I have a lot of fears, guys. Lots of them. Heights, closed spaces, dense crowds, mob mentality, dentists scraping my teeth with those metal tools, the entire bottom of the airplane somehow falling off at 30,000 feet, the fact that every day my children are growing closer and closer to adulthood and I’m doing a terrible job at preparing them …
Some of those fears are more rational than others.
But one fear I think we’ve ALL had at one time or another is the fear of being buried alive.
What do you mean I’ve never had that fear? Seriously? Hmm. So that one’s just me, too? Wow.
Well at one time there were loads of people worried about being buried alive. There are stories of “premature burial” dating back as far back as forever, but the public panic over it really spiked during the cholera epidemics of the 18th and 19th centuries. When the tomb of one man, John Duns Scotus, was opened, it was reported that the body was found outside of the casket and his hands were bloodied and torn from trying to escape his tomb. The media fueled these kind of stories by reporting all kinds of similar cases. Edgar Allen Poe wrote about the subject in The Fall of the House of Usher, and then in 1844 published The Premature Burial, which contained supposed actual accounts of some of those buried alive. Well, the public sort of had a field day with the whole thing. Because even one oops-burial is too many, amirite?
Inventors got to work.
People churned out all kinds of plans for “safety coffins”. It’s reported that the first one ever used was for Duke Ferdinand of Brunswick in 1792. By his orders, his coffin was fitted with an air tube for fresh air, a window for light, and instead of having his coffin nailed shut, it was fitted with an inside lock, to which there was a key left in his robe. Most safety coffins employ some sort of communication with the outside word. Many specs showed strings or ropes that ran from the inside of the coffin up through tubes which were then attached to bells aboveground. So if one were to suddenly awaken from their dirt nap underground, feeling refreshed after their bout of cholera, one would need only to pull on the strings to ring that bell. It’s much like calling a butler, really. Except the butler was a cemetery nightwatchman, who would shovel you out instead of bringing you tea. Although bells were kind of the standard on safety coffins, some plans featured flags or pyrotechnics.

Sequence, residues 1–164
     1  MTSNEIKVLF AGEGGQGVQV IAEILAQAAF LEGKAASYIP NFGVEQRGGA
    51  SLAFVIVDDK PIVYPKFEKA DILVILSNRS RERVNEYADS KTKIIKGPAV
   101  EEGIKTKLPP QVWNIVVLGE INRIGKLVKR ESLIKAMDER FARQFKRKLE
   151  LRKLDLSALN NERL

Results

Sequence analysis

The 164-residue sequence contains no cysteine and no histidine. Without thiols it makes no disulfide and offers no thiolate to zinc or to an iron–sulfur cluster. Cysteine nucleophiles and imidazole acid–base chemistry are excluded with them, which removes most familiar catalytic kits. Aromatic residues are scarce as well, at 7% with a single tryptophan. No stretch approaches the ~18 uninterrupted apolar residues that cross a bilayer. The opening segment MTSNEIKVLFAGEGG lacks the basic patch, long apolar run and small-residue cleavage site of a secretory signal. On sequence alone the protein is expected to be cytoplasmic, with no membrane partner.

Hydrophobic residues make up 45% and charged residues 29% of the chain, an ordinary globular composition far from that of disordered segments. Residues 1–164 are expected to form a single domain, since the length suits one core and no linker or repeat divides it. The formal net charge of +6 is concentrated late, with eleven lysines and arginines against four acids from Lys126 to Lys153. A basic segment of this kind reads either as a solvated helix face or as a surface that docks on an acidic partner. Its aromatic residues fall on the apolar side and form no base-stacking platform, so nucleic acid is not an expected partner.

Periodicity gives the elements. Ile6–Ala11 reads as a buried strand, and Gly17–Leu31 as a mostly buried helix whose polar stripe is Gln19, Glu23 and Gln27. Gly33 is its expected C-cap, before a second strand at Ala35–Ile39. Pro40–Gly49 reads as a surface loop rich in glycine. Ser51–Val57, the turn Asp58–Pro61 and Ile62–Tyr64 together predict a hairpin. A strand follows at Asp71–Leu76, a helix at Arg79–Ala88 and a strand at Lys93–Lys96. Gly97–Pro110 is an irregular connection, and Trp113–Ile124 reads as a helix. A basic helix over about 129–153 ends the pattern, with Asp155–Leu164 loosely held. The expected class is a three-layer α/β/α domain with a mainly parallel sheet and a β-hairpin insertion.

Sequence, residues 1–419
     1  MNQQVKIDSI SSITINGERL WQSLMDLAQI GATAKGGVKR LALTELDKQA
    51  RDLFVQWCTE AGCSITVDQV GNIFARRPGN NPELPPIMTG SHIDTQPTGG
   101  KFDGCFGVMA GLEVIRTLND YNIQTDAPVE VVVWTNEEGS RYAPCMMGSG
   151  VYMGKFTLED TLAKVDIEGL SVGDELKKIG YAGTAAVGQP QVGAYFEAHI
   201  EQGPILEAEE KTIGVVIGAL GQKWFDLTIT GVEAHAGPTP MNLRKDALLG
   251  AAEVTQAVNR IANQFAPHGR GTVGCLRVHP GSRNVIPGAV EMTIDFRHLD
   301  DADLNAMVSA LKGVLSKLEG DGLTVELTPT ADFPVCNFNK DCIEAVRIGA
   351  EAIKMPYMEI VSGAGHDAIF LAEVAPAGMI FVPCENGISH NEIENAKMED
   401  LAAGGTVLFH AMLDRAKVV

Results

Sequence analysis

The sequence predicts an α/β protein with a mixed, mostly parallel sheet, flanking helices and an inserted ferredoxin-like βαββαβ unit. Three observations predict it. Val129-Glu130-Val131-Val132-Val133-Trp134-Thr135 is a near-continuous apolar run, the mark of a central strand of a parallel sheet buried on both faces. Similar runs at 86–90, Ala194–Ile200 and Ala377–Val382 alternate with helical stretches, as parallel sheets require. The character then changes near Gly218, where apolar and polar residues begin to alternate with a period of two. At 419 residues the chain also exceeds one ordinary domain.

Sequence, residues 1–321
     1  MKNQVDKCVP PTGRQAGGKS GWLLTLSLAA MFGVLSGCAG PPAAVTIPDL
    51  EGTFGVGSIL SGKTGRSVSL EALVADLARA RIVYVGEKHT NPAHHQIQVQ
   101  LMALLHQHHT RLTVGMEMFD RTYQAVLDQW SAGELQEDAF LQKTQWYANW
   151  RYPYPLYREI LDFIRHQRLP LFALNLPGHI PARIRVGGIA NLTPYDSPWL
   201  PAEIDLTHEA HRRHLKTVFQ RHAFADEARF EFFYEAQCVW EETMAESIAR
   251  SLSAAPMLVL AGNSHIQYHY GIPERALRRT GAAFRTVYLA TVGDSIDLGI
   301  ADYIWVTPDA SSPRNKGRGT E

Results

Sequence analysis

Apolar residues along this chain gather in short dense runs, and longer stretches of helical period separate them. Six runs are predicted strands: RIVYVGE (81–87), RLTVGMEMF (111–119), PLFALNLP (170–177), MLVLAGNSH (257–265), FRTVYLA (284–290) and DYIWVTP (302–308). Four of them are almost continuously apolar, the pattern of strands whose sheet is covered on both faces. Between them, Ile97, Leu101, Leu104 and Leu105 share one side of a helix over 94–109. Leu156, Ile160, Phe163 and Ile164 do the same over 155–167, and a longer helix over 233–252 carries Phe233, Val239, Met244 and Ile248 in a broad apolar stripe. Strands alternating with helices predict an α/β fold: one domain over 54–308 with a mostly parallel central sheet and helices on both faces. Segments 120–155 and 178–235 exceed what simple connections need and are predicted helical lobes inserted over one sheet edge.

It’s probably important to note that there have been no actual cases found of a safety coffin saving anyone.
There are still plans for safety coffins made today. If you are incredibly rich and your fear is real enough (and if, for whatever reason, your family decides not to have you embalmed… because embalming WILL finish you off) you can purchase coffins with food and water and air filters and an entertainment system you won’t die of boredom while you wait for rescue.
See what I did there?